Playing golf in the middle of the night? What madness! How do you play at midnight when you can’t even see an inch from your nose? Do you fill the field with spotlights? Do you play in the dark, with all that goes with it? No, impossible.
Impossible everywhere, it is true, except in Iceland. Not only is it possible to play at midnight here, but there are golf courses that have made this their strength.
Imagine green expanses and the sun shining at midnight
The “trick” to playing golf at midnight is all in all trivial: just go to a place where the sun never seems to want to set, even at midnight. Just go to a place like Iceland.
In northern European countries, it happens that summer nights are just as bright as daytime because of the proximity to the Arctic Circle. In the far north of Iceland, for example, in June and July the sun sets shortly after midnight and only for a couple of hours. The sky does not have time to darken that the sun peeps back over the horizon, bathing the greens in an almost surreal light that makes them even more magical.
Could this be why Icelanders are obsessed with golf?
There are 65 golf courses in Iceland, which would not seem like much. It wouldn’t seem like much, except that about 321,000 people live in Iceland, 60,000 of whom play golf at least once in a while. This is even more exceptional when you consider that the Icelandic golf season lasts only from May to September.
In spring and summer, Icelanders dive into the green expanses of their golf courses and stay there day and night. Literally.
Lose yourself in the flow
Iceland is such a beautiful country that you don’t need an excuse to visit it. Imagine expanses of grass as far as the eye can see, interrupted by black volcanic stone rocks and small wild shrubs. From time to time, the flow of green and black is interrupted, giving way to the blue of the Atlantic Ocean. If you close your eyes, you can feel the salty air filling your lungs and the wind pushing you backward, threatening to sweep you away.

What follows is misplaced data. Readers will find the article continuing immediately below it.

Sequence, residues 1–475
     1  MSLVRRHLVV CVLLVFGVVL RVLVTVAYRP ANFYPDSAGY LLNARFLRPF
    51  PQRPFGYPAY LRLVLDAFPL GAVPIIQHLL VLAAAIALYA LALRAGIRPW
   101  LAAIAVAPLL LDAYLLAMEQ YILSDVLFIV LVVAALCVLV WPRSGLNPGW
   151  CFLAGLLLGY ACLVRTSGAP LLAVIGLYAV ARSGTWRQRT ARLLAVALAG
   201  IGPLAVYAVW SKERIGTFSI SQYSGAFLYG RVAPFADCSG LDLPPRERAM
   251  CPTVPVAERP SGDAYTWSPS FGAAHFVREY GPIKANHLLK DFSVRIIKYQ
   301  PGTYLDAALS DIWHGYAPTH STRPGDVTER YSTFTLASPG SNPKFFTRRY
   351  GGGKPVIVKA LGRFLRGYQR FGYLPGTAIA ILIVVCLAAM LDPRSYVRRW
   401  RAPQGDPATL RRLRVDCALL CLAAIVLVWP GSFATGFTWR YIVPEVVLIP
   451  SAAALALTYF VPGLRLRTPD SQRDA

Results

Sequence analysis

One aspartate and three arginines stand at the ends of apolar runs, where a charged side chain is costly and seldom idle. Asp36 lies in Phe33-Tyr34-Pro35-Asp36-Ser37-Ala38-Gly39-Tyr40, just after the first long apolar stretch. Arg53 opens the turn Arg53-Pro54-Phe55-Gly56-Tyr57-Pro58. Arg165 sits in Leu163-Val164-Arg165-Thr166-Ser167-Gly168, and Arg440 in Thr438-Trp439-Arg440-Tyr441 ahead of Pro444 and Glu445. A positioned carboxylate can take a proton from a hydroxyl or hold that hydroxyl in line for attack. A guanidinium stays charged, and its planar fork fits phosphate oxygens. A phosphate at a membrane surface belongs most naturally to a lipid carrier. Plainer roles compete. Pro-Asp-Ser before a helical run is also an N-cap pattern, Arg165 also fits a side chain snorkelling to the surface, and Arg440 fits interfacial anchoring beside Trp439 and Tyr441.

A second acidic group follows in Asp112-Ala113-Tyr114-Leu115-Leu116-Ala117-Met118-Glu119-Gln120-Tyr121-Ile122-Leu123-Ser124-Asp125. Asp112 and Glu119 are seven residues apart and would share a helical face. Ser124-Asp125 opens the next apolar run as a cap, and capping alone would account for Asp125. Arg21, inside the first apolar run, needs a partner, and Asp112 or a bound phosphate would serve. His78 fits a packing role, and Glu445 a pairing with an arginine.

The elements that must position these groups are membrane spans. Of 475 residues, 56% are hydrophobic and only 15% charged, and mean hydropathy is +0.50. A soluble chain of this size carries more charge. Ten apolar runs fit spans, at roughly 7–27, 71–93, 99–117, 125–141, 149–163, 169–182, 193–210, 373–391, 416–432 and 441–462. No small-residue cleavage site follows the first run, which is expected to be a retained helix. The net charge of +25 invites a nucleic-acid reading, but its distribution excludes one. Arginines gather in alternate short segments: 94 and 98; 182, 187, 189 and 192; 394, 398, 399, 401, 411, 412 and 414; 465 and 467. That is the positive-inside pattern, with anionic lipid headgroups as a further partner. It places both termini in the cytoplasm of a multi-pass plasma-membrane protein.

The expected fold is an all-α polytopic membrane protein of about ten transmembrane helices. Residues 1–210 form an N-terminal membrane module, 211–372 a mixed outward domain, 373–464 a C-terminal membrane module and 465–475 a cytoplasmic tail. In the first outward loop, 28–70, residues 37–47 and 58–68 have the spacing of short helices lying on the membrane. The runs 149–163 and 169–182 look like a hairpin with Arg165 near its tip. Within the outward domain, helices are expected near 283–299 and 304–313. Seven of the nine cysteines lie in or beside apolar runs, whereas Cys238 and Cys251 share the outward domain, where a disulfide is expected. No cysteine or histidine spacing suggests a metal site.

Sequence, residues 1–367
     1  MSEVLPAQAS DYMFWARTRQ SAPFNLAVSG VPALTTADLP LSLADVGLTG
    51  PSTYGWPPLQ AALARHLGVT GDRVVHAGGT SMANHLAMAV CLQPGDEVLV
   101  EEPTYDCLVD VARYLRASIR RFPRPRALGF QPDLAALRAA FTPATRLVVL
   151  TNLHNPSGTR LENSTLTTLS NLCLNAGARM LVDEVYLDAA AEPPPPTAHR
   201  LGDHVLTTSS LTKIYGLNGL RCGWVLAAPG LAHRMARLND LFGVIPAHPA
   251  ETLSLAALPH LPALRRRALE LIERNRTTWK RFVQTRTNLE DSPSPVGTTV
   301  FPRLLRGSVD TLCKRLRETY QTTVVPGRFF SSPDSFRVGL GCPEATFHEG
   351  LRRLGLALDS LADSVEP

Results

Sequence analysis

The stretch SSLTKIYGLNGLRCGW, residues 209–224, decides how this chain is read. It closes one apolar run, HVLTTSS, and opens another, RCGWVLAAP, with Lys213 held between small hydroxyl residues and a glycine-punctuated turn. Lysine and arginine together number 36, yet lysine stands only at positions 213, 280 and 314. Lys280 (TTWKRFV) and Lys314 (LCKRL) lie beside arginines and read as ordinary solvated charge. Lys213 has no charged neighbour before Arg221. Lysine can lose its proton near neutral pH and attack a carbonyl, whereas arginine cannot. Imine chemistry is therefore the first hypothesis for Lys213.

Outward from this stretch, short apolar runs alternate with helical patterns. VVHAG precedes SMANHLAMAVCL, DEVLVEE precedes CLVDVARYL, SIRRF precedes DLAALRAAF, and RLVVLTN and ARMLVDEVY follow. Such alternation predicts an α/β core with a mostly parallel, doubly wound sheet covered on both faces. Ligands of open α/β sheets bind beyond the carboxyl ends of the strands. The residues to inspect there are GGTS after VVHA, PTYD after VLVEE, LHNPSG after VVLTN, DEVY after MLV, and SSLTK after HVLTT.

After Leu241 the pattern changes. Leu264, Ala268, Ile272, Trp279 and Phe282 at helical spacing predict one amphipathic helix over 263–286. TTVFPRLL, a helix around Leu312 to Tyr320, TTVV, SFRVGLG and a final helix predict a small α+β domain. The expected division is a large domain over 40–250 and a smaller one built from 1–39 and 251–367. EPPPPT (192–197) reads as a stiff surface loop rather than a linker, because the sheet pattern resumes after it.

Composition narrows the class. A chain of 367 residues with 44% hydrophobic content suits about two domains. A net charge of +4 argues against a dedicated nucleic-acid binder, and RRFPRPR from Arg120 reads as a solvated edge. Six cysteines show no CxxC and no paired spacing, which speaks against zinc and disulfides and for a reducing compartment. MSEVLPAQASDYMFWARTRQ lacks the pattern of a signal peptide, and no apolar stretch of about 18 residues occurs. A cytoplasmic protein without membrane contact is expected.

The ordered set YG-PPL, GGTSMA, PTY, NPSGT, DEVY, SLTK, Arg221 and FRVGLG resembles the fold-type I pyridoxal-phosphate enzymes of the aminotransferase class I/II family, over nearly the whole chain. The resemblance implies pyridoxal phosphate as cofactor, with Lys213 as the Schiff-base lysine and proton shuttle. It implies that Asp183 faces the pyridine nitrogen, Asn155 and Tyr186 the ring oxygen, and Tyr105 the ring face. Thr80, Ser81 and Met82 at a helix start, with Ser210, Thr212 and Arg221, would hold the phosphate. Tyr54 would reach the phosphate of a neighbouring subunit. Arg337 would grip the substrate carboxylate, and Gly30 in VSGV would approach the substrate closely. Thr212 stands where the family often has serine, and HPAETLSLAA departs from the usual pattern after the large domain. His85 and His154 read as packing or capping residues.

Icelandic fields are wild, touched by the hand of man just enough to make them playable. Don’t make the mistake of thinking they are “home”: everything on those greens is a challenge to you, to your ball, to your game. Everything, including the light.
Playing golf on Icelandic summer nights, when the sun is high in the sky, is an almost transcendental experience. The sun remains there, fixed, as if someone had nailed it to the celestial vault. Time never passes, minutes dilate and become hours without you realizing it. When you look up at the sky to try to figure out whether it is morning or evening, you see only the blue sky and the sun.
You could have been playing for days and wouldn’t have realized it.
The tournaments that start when (not) the sun goes down
Such is the allure of the midnight sun that several tournaments have sprung up that take place precisely at night. Two of the most important are The Arctic Open and The Lava Challenge, both open to both Professional and Amateur and both 36 holes.
The two tournaments are held over two days; the first has tee time at 2:30 p.m. and ends around 11:30 p.m.; the second a tee time much later, around 8 p.m., and ends around 2 a.m.
Combining defiance against wilderness and challenge against very human opponents has its own appeal. If, however, you want to enjoy the beauty of Iceland at midnight without competing, no problem: several Icelandic golf clubs allow you to play even in the middle of the night, under that strange sun that illuminates the greens.